Arsenic toxicity from homeopathic treatment

J Toxicol Clin Toxicol. 2003;41(7):963-7. doi: 10.1081/clt-120026518.


Homeopathic medicine is commonly believed to be relatively harmless. However, treatment with improperly used homeopathic preparations may be dangerous.

Case reports: Case 1 presented with melanosis and keratosis following short-term use of Arsenic Bromide 1-X followed by long-term use of other arsenic-containing homeopathic preparations. Case 2 developed melanotic arsenical skin lesions after taking Arsenicum Sulfuratum Flavum-1-X (Arsenic S.F. 1-X) in an effort to treat his white skin patches. Case 3 consumed Arsenic Bromide 1-X for 6 days in an effort to treat his diabetes and developed an acute gastrointestinal illness followed by leukopenia, thrombocytopenia, and diffuse dermal melanosis with patchy desquamation. Within approximately 2 weeks, he developed a toxic polyneuropathy resulting in quadriparesis. Arsenic concentrations in all three patients were significantly elevated in integument tissue samples. In all three cases, arsenic concentrations in drinking water were normal but arsenic concentrations in samples of the homeopathic medications were elevated.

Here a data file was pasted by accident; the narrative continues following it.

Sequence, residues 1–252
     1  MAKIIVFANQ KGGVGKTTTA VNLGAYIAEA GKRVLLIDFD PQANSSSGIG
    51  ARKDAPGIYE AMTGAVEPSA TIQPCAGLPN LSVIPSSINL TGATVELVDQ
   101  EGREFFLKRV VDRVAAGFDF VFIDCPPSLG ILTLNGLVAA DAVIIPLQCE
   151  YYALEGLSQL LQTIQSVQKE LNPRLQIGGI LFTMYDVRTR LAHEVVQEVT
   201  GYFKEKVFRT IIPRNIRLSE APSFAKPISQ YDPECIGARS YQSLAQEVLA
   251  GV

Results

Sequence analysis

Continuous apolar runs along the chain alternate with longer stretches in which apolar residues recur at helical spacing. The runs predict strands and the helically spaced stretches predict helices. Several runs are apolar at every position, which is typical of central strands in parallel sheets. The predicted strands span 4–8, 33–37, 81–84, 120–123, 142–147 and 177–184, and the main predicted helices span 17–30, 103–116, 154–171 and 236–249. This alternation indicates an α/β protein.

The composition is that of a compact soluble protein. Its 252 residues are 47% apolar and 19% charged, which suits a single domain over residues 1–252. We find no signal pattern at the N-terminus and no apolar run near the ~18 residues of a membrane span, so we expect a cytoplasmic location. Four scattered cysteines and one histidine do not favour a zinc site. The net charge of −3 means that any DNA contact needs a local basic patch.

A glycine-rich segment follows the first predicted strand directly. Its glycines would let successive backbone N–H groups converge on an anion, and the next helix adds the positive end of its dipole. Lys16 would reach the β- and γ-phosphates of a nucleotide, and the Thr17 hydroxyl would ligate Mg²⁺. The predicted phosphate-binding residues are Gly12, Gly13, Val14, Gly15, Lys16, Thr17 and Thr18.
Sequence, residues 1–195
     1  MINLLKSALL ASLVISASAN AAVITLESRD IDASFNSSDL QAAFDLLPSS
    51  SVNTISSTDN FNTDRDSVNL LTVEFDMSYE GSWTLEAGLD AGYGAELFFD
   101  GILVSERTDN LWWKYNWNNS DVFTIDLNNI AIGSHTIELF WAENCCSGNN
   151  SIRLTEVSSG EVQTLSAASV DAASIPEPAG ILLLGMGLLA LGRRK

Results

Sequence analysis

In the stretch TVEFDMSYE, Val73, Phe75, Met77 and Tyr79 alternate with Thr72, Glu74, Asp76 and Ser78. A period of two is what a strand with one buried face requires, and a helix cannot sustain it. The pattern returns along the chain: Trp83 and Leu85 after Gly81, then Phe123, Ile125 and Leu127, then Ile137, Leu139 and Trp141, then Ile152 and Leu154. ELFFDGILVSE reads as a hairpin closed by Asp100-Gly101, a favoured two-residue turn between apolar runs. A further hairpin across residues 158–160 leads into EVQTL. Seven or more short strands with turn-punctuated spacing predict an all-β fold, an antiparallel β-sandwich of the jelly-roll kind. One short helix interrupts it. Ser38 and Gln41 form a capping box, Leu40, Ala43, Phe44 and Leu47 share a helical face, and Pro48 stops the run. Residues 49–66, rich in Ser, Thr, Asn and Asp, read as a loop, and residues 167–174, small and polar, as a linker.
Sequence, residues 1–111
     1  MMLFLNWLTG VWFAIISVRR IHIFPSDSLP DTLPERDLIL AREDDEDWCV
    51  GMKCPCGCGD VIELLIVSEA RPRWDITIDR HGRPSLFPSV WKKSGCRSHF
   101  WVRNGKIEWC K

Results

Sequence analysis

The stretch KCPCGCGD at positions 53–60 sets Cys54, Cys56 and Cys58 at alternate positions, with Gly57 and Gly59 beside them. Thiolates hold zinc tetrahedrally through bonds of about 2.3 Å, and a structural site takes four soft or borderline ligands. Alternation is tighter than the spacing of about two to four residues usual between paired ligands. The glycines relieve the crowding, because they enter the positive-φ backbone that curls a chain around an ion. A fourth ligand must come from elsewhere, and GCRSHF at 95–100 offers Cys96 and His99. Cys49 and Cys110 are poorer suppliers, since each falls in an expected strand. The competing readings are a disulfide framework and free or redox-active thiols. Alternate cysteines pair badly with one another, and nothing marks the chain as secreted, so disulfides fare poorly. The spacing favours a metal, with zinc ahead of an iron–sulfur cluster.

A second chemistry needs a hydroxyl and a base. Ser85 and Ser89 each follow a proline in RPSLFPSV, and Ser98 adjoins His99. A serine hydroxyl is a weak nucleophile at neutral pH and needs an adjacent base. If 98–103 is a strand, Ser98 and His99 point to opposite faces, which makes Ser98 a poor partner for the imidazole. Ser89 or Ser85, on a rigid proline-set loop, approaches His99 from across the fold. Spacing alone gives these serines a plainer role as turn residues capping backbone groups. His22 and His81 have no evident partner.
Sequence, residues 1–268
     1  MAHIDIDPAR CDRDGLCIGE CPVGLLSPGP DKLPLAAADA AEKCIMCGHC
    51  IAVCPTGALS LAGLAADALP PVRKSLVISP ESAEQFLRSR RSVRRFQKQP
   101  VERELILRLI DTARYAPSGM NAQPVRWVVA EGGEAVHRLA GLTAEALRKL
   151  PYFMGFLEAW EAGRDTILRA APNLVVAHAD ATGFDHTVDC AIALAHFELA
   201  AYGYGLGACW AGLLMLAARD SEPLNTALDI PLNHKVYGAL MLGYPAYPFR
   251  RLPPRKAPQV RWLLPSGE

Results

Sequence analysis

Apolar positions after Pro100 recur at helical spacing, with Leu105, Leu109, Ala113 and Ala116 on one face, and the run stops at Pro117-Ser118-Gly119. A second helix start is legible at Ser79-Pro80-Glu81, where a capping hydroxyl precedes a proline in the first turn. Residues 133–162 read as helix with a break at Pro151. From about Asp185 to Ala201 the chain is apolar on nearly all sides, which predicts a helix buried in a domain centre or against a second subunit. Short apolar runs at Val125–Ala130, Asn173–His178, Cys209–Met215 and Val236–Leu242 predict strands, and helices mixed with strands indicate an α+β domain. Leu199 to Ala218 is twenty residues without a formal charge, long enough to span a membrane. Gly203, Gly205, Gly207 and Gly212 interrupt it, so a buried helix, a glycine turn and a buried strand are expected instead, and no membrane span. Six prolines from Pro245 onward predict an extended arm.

Conclusion: Arsenic used therapeutically in homeopathic medicines can cause clinical toxicity if the medications are improperly used.

Publication types

  • Case Reports

MeSH terms

  • Adult
  • Arsenic Poisoning / complications
  • Arsenic Poisoning / diagnosis*
  • Arsenic* / isolation & purification
  • Arsenic* / therapeutic use
  • Arsenic* / urine
  • Female
  • Gastrointestinal Diseases / etiology
  • Hair / chemistry
  • Homeopathy*
  • Humans
  • Keratosis / etiology
  • Leukopenia / etiology
  • Male
  • Materia Medica / chemistry
  • Materia Medica / poisoning*
  • Materia Medica / therapeutic use
  • Melanosis / etiology
  • Nails / chemistry
  • Skin / chemistry


  • Materia Medica
  • Arsenic